TitleaMAP risk score predicts hepatocellular carcinoma development in patients with chronic hepatitis
AuthorsFan, Rong
Papatheodoridis, George
Sun, Jian
Innes, Hamish
Toyoda, Hidenori
Xie, Qing
Mo, Shuyuan
Sypsa, Vana
Guha, Indra Neil
Kumada, Takashi
Niu, Junqi
Dalekos, George
Yasuda, Satoshi
Barnes, Eleanor
Lian, Jianqi
Suri, Vithika
Idilman, Ramazan
Barclay, Stephen T.
Dou, Xiaoguang
Berg, Thomas
Hayes, Peter C.
Flaherty, John F.
Zhou, Yuanping
Zhang, Zhengang
Buti, Maria
Hutchinson, Sharon J.
Guo, Yabing
Calleja, Jose Luis
Lin, Lanjia
Zhao, Longfeng
Chen, Yongpeng
Janssen, Harry L. A.
Zhu, Chaonan
Shi, Lei
Tang, Xiaoping
Gaggar, Anuj
Wei, Lai
Jia, Jidong
Irving, William L.
Johnson, Philip J.
Lampertico, Pietro
Hou, Jinlin
AffiliationSouthern Med Univ, Nanfang Hosp, Dept Infect Dis, State Key Lab Organ Failure Res,Guangdong Prov Ke, Guangzhou, Peoples R China
Natl & Kapodistrian Univ Athens, Laiko Gen Hosp, Dept Gastroenterol, Med Sch, Athens, Greece
Glasgow Caledonian Univ, Sch Hlth & Life Sci, Glasgow, Lanark, Scotland
Ogaki Municipal Hosp, Dept Gastroenterol & Hepatol, Ogaki, Japan
Shanghai Jiao Tong Univ, Ruijin Hosp, Dept Infect Dis, Sch Med, Shanghai, Peoples R China
Gilead Sci, Foster City, CA USA
Natl & Kapodistrian Univ Athens, Dept Hyg Epidemiol & Med Stat, Med Sch, Athens, Greece
Nottingham Univ Hosp NHS Trust, NIHR Nottingham Biomed Res Ctr, Nottingham, England
Univ Nottingham, Nottingham, England
Gifu Kyoritsu Univ, Dept Nursing, Ogaki, Japan
Jilin Univ, Hosp 1, Dept Hepatol, Changchun, Peoples R China
Thessalia Univ, Dept Internal Med, Med Sch, Larisa, Greece
Univ Oxford, Nuffield Dept Med, Peter Medawar Bldg Pathogen Res, Oxford, England
Univ Oxford, Oxford NIHR Biomed Res Ctr, Oxford, England
Fourth Mil Med Univ, Tangdu Hosp, Ctr Infect Dis, Xian, Peoples R China
Univ Ankara, Dept Gastroenterol, Med Sch, Ankara, Turkey
Glasgow Royal Infirm, Glasgow, Lanark, Scotland
China Med Univ, Dept Infect Dis, Shengjing Hosp, Shenyang, Peoples R China
Univ Clin Leipzig, Div Hepatol, Clin & Polyclin Gastroenterol Hepatol Infect Dis, Leipzig, Germany
Royal Infirm Edinburgh NHS Trust, Edinburgh, Midlothian, Scotland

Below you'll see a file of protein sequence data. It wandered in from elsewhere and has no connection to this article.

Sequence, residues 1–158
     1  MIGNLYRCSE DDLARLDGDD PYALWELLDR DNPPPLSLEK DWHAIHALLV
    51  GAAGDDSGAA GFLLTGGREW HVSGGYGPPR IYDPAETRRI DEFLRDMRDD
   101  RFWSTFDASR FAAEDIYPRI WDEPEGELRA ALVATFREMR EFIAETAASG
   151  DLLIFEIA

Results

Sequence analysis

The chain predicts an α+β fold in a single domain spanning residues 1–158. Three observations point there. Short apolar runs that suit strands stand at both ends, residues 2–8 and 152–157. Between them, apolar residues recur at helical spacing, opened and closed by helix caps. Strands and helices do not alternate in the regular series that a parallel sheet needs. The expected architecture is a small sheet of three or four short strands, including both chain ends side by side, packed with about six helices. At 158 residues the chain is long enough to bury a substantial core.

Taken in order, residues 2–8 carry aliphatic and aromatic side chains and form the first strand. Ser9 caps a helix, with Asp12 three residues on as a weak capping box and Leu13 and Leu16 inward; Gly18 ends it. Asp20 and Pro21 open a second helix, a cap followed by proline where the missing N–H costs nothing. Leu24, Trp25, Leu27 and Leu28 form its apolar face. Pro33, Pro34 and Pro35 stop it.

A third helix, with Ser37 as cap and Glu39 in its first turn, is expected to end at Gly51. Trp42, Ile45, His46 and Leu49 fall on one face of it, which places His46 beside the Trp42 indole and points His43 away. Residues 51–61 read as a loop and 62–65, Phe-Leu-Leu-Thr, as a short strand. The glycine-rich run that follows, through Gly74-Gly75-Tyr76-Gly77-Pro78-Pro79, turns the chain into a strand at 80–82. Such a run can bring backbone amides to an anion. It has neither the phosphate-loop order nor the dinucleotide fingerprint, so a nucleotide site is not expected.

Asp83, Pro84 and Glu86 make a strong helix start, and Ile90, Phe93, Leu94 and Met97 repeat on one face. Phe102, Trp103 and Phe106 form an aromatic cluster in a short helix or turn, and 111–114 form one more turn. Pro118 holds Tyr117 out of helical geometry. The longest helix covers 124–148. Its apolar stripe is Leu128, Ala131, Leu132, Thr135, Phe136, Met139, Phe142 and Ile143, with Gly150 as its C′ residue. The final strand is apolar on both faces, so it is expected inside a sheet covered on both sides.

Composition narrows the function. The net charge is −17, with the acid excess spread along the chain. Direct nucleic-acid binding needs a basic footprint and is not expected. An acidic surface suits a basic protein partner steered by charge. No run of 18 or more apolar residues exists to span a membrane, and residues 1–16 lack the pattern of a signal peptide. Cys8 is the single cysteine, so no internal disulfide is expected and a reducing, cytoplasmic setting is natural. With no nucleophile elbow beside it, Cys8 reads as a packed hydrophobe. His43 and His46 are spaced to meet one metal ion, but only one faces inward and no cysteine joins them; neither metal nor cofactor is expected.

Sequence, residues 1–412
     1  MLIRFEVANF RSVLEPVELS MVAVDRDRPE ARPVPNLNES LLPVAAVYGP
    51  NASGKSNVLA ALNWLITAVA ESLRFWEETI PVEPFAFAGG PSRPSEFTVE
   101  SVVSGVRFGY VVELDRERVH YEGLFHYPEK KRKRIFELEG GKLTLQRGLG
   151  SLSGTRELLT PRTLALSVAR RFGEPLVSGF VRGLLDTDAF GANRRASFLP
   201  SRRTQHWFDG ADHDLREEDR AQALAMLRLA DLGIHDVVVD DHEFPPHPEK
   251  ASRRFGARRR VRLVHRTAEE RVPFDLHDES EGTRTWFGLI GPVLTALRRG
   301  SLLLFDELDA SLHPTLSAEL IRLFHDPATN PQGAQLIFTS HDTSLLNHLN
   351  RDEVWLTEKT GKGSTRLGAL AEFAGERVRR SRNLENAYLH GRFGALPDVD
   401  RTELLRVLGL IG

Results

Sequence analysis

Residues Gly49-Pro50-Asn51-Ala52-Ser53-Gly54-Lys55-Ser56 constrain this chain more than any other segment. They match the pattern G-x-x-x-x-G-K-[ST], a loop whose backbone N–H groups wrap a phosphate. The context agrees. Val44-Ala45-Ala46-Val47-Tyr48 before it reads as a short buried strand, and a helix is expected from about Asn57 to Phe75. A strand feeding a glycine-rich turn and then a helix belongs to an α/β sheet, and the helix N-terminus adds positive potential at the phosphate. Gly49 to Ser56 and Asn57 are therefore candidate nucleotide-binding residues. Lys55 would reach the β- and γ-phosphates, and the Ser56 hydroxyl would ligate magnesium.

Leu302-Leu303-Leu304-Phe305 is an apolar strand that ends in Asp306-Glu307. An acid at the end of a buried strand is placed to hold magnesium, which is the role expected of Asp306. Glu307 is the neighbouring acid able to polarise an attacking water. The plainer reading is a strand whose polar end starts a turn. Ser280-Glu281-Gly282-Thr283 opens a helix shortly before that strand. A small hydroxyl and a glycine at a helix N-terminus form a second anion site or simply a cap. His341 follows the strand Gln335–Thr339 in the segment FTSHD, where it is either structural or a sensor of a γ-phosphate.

Huazhong Univ Sci & Technol, Tongji Hosp, Tongji Med Coll, Dept Gastroenterol, Wuhan, Peoples R China
Hosp Gen Univ Valle Hebron & Ciberehd, Barcelona, Spain
Hosp U Puerta de Hierro, IDIPHIM CIBERehd, Madrid, Spain
Shanxi Med Univ, Dept Infect Dis, Hosp 1, Taiyuan, Peoples R China
Univ Hlth Network, Toronto Western & Gen Hosp, Liver Clin, Toronto, ON, Canada
Hangzhou YITU Healthcare Technol Co Ltd, Big Data Res & Biostat Ctr, Hangzhou, Peoples R China
Guangzhou Eighth Peoples Hosp, Guangzhou, Peoples R China
Peking Univ, Hepatol Inst, Peoples Hosp, Beijing, Peoples R China
Capital Med Univ, Beijing Friendship Hosp, Liver Res Ctr, Beijing, Peoples R China
Univ Liverpool, Dept Mol & Clin Canc Med, 2nd Floor Sherrington Bldg,Ashton St, Liverpool L69 3GE, Merseyside, England
Fdn IRCCS Ca Granda Osped Maggiore Policlin, Div Gastroenterol & Hepatol, CRC AM & A Migliavacca Ctr Liver Dis, Milan, Italy
Univ Milan, Dept Pathophysiol & Transplantat, Milan, Italy
Issue DateDec-2020
AbstractBackground & Aims: Hepatocellular carcinoma (HCC) is the leading cause of death in patients with chronic hepatitis. In this international collaboration, we sought to develop a global universal HCC risk score to predict the HCC development for patients with chronic hepatitis. Methods: A total of 17,374 patients, comprising 10,578 treated Asian patients with chronic hepatitis B (CHB), 2,510 treated Caucasian patients with CHB, 3,566 treated patients with hepatitis C virus (including 2,489 patients with cirrhosis achieving a sustained virological response) and 720 patients with non-viral hepatitis (NVH) from 11 international prospective observational cohorts or randomised controlled trials, were divided into a training cohort (3,688 Asian patients with CHB) and 9 validation cohorts with different aetiologies and ethnicities (n = 13,686). Results: We developed an HCC risk score, called the aMAP score (ranging from 0 to 100), that involves only age, male, albumin-bilirubin and platelets. This metric performed excellently in assessing HCC risk not only in patients with hepatitis of different aetiologies, but also in those with different ethnicities (C-index: 0.82-0.87). Cut-off values of 50 and 60 were best for discriminating HCC risk. The 3- or 5-year cumulative incidences of HCC were 0-0.8%, 1.5-4.8%, and 8.1-19.9% in the low- (n = 7,413, 43.6%), medium- (n = 6,529, 38.4%), and high-risk (n = 3,044, 17.9%) groups, respectively. The cut-off value of 50 was associated with a sensitivity of 85.7-100% and a negative predictive value of 99.3-100%. The cut-off value of 60 resulted in a specificity of 56.6-95.8% and a positive predictive value of 6.6-15.7%. Conclusions: This objective, simple, reliable risk score based on 5 common parameters accurately predicted HCC development, regardless of aetiology and ethnicity, which could help to establish a risk score-guided HCC surveillance strategy worldwide. Lay summary: In this international collaboration, we developed and externally validated a simple, objective and accurate prognostic tool (called the aMAP score), that involves only age, male, albumin-bilirubin and platelets. The aMAP score (ranged from 0 to 100) satisfactorily predicted the risk of hepatocellular carcinoma (HCC) development among over 17,000 patients with viral and non-viral hepatitis from 11 global prospective studies. Our findings show that the aMAP score had excellent discrimination and calibration in assessing the 5-year HCC risk among all the cohorts irrespective of aetiology and ethnicity. (C) 2020 European Association for the Study of the Liver. Published by Elsevier B.V.
Appears in Collections:人民医院

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